Impact On The Columbian Exchange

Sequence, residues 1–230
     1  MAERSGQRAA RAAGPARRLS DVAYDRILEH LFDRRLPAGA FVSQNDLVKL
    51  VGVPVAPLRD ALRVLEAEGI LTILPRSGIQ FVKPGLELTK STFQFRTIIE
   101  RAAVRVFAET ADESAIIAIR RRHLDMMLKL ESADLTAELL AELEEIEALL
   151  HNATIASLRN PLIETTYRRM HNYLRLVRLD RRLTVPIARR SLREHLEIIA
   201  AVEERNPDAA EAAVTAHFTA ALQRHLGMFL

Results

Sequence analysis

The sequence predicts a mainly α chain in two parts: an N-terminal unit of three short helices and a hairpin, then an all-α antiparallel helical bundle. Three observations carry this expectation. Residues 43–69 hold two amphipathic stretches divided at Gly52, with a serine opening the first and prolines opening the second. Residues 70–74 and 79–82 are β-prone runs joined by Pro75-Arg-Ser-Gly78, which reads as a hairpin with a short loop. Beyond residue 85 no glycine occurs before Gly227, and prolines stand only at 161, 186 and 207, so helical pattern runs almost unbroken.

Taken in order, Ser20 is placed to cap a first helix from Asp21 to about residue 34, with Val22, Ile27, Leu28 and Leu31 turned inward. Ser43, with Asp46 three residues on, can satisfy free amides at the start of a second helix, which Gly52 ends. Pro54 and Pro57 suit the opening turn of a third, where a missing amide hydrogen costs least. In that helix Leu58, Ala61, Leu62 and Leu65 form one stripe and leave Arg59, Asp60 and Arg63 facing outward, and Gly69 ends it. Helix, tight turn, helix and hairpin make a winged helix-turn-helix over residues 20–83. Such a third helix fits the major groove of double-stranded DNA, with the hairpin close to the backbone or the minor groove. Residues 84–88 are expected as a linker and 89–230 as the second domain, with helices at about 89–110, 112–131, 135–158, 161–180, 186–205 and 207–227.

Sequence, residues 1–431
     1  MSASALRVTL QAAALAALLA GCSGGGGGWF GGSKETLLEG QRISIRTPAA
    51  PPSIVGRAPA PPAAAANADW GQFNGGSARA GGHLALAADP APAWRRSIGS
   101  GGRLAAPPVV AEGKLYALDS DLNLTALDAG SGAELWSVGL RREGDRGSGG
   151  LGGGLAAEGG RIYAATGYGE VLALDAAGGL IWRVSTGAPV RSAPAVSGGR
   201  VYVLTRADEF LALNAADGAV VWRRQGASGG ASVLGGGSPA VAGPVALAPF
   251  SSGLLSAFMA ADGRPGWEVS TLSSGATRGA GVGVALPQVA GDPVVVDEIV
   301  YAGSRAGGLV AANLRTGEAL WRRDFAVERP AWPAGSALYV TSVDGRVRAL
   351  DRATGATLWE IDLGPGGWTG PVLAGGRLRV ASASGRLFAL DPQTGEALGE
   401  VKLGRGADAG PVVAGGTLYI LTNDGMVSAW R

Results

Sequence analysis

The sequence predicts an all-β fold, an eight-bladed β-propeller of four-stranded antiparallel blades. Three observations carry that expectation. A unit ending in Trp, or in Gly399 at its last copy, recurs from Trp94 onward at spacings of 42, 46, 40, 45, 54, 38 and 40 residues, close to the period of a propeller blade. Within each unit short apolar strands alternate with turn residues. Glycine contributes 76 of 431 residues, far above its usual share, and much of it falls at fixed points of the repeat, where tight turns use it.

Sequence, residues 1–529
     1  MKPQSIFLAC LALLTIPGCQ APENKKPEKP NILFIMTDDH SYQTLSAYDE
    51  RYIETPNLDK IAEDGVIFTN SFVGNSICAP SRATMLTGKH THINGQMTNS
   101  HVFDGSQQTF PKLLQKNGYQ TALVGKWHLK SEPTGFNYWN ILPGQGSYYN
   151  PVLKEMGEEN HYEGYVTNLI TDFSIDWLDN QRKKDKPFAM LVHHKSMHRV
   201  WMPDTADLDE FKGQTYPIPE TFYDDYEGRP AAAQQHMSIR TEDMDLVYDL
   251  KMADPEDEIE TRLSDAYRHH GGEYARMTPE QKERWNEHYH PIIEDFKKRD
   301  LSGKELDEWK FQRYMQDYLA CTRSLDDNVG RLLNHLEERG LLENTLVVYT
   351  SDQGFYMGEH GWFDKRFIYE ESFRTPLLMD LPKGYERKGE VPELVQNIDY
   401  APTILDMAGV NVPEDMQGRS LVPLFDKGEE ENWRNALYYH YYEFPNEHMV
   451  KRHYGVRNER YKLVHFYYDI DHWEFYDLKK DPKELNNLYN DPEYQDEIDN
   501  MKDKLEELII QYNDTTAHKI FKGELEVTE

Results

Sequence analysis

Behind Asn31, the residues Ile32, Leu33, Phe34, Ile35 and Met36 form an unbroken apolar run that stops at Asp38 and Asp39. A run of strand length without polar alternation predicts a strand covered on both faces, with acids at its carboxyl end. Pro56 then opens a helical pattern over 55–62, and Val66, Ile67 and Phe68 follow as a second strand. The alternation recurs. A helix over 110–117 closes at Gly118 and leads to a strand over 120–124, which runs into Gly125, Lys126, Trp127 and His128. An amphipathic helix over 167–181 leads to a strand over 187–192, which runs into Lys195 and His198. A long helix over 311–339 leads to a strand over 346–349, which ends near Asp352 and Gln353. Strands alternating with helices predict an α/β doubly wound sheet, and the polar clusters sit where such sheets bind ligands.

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Across the ocean, ships sailed to trade goods and people, along with sharing ideas and diseases. The Columbian Exchange was a transatlantic exchange of goods, diseases, people, and ideas between Europe, Africa, and the Americas. These commodities and theories were spread through exploration from the late 1400s and throughout the age of discovery. Though this exchange was mainly for the purpose of Europeans, the impact fell on a much larger range. The native peoples of both Africa and the Americas gradually involved themselves within this transatlantic trade. The Columbian Exchange had originally developed as an exchange of goods and peoples, however it additionally expanded into an exchange of disease and ideas. Christopher Columbus sailed with finances from the Spanish crown in 1492 with the purpose of discovering passage to Asia and a way into the esteemed spice trade. Instead, he “discovered” and claimed the Americas for Spain. Over time, more and more Europeans immigrated to the Americas and established residence. This began the trade of goods and people across the Atlantic. From the Americas, products and goods such as corn, tomatoes, potatoes, peanuts, tobacco, cotton, whale oil, lumber, furs, rice, silk, indigo, sugar, molasses, and wood were brought to Europe. These commodities and goods are largely present in the European lifestyle today. Religion was a large motivating force to colonize the Americas, and one of the ideals spread through the Columbian Exchange.
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